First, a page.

But China has several things going for it. One of them very well being that it is still the second-largest economy on the globe. And as such, unlike most other emerging market countries, really can control its own destiny, especially with respect to monetary policy, i.e., it doesn't have to follow what's happening with the US dollar and have to move in lockstep and become trapped by that. So, what we're seeing is that China can actually – and is actually – beginning to embark upon an expansionist governmental response to weak economic activity. So, while the rest of the world seems to be tightening the screws and focusing on inflation, China's actually moving out of lockstep into a more expansionary phase of its economic growth and investment cycle. And that certainly is a benefit to China.
Moreover, those draconian COVID lockdowns seem to be nearing its end. Shanghai looks to be lifting. It's unclear that Beijing will go through anything as draconian as Shanghai. And as we start getting through that, the comparisons will look really easy. There'll be a lot of growth that emanates, and China is still a massive consumer of stuff from around the world and will generate growth just by its importing of industrials and commodities and all sorts of other types of material and services from around the world.
In addition, China is fairly inexpensive – or actually very inexpensive – relative to the rest of the world. And so, you're starting from a low base to begin with. There's not a lot of folks clamoring to get into China right now; frequently, that ends up being a very opportune time to invest in China.
What sectors look attractive amid higher inflation and potentially slowing growth?
So, it's interesting because there's a lot of sectors that look very interesting, even in this period of economic dislocation and turmoil. I think, you know, the ones that are the most compelling to me right now are the mining, commodities and energy space. We have underinvested in, whether it's petroleum or copper and zinc and nickel, for over a decade. We're bearing the consequences of that now with stark increases in commodity prices across the gamut. Those cannot be easily solved. You cannot just turn on the spigot and roll out millions and millions more barrels of petroleum a day or tons of copper a day. These are long-term projects. They will take a long time to get through. And frankly, it doesn't seem that regulatory policies are really geared towards increasing the supply of these essential commodities around the world. And so, they are right now very interesting places to be; places that will buck the trend of weak economic growth, as well as inflation. Frankly, they're one of the causes of inflation, and it's always good to be investing in the bottleneck in the system.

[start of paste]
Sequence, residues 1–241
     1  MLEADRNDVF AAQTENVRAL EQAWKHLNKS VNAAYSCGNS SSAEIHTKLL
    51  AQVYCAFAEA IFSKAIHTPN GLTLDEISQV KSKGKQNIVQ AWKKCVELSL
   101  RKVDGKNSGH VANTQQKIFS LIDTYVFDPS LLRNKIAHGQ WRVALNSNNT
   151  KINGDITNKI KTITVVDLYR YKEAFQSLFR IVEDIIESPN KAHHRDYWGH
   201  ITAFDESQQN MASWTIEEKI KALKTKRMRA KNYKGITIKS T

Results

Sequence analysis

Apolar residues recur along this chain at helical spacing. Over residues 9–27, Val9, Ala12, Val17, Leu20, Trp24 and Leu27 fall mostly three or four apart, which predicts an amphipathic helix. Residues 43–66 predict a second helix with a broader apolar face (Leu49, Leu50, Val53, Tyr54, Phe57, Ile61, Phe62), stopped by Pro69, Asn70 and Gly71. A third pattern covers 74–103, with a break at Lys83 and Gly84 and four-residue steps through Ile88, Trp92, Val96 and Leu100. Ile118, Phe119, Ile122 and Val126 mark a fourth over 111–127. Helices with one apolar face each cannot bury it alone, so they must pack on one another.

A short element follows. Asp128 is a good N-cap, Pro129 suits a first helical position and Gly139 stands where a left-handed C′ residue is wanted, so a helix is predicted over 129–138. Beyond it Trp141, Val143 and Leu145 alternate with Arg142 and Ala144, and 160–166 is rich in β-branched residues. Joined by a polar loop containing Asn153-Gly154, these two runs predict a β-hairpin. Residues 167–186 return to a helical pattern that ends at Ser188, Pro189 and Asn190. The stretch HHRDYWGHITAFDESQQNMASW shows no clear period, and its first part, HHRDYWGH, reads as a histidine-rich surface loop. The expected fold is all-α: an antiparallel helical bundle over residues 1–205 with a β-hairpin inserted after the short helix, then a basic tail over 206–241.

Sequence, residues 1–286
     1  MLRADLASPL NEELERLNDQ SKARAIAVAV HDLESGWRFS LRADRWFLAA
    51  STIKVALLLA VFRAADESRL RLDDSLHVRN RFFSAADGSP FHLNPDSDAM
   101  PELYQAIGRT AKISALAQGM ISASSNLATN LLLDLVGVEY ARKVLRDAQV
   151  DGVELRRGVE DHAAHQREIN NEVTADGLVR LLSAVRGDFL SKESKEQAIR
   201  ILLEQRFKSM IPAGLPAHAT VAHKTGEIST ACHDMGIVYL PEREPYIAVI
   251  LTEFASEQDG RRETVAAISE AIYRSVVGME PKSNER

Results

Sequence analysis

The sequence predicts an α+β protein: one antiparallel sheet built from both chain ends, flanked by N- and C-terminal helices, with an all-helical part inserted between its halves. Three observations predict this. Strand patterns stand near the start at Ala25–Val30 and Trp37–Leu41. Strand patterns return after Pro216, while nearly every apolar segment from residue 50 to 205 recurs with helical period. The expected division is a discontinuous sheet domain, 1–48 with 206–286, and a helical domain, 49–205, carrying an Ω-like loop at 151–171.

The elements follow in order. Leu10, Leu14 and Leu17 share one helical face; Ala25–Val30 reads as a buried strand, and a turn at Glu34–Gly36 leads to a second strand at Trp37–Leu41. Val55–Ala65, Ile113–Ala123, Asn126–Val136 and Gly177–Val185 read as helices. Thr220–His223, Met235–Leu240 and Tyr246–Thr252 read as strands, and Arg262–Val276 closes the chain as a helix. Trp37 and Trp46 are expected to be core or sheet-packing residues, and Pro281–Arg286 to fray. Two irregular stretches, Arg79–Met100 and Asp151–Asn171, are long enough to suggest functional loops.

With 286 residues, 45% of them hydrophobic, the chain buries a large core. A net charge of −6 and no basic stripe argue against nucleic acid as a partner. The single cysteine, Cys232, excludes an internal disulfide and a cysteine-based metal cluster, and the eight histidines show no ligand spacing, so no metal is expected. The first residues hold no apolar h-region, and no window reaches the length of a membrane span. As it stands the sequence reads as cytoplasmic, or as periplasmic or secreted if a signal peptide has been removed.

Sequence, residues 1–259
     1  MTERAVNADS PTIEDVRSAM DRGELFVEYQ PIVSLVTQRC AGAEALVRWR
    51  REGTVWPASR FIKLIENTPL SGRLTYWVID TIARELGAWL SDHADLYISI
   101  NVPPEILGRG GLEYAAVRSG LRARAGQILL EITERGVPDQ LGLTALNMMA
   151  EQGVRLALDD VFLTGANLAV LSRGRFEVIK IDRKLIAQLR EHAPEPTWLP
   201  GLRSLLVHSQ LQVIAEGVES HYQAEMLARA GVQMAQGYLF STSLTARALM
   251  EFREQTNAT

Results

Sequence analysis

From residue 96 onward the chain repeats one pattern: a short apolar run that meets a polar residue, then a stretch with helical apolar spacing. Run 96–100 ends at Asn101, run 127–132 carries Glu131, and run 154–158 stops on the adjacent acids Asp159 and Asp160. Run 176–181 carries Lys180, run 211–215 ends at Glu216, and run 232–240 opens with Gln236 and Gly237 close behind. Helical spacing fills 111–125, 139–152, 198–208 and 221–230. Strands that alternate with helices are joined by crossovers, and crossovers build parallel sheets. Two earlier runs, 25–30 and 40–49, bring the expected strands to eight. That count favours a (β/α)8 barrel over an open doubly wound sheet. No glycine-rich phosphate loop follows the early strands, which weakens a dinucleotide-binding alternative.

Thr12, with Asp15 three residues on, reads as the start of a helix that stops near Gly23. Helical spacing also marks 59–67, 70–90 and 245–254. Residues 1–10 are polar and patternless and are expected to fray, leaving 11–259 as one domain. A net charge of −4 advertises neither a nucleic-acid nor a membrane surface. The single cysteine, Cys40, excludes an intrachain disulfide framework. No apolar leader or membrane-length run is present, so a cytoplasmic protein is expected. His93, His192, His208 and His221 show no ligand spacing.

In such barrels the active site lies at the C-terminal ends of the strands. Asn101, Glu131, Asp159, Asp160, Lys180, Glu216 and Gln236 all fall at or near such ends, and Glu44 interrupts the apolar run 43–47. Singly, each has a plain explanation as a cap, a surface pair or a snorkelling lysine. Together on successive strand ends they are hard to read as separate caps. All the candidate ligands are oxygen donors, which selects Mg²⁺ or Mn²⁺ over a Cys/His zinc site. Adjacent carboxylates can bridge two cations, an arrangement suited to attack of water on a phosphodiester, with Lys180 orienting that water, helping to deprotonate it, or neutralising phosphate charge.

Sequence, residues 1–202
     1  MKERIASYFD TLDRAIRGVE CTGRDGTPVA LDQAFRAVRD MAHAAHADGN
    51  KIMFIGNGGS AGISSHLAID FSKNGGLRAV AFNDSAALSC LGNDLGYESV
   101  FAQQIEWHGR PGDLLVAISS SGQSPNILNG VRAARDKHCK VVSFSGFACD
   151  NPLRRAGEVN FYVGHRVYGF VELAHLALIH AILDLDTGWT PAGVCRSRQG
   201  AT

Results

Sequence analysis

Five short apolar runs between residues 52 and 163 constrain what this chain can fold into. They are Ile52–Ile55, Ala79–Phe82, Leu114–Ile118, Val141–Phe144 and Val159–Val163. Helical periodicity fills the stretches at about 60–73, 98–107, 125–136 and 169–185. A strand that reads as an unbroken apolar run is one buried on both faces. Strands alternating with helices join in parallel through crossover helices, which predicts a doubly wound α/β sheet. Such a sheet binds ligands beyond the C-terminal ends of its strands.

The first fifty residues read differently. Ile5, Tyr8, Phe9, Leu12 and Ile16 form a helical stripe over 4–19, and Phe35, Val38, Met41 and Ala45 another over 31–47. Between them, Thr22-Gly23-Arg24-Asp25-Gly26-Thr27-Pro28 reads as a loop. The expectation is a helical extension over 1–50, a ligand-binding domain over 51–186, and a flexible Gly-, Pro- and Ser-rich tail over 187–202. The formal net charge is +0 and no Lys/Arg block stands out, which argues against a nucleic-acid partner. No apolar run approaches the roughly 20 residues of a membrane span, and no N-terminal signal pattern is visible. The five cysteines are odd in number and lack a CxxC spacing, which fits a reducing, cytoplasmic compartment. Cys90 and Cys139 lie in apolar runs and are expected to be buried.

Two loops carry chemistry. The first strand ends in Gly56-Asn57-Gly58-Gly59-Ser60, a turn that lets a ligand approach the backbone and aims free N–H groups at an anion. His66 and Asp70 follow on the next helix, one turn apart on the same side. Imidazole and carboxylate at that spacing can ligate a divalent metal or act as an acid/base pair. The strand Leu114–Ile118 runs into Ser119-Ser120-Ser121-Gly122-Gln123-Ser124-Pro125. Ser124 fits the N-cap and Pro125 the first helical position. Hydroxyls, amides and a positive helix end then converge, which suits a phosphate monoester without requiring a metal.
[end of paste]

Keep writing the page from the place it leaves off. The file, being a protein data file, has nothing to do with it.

I think other areas that are really interesting, you know, health care right now looks very compelling. It's trading at cheaper-than-market multiple levels in many cases. For a sector that will grow relatively strongly throughout the economic cycle, it should be relatively indifferent to what's happening economically, depending on the companies you're investing in. And, you know, when you're buying these really strong, resilient companies at cheaper-than-market multiples, there's a compelling aspect to allocating capital there.
Luxury goods stocks, I think, are also very interesting here. People tend to think of luxury items as the ultimate in discretionary, and when the economy turns down, that you sell those off. The history is that they actually are very resilient. Even in the Great [Global] Financial Crisis, luxury spend was substantially better than the rest of consumer spend. And there's real opportunity to buy these strong companies at a discount because the market, again, is throwing the baby out with the bathwater. They sold off some of these great luxury names and luxury brands, yet demand for their goods continues to be at a very strong pace.
Lastly, right now, I think it's also in technology. I think semiconductors and even a lot of the software names that really had enjoyed tremendous returns over the last several years, sold off awfully hard; in many cases, well over 50% from their peak, some even 70%, 80%, 90% from their peaks. Some of these are really good businesses that will generate strong growth for the next several years. And I think if you've got the ability to focus on business fundamentals, a lot of these SaaS [software-as-a-service] and semiconductor names present tremendous opportunity for a long-duration investor.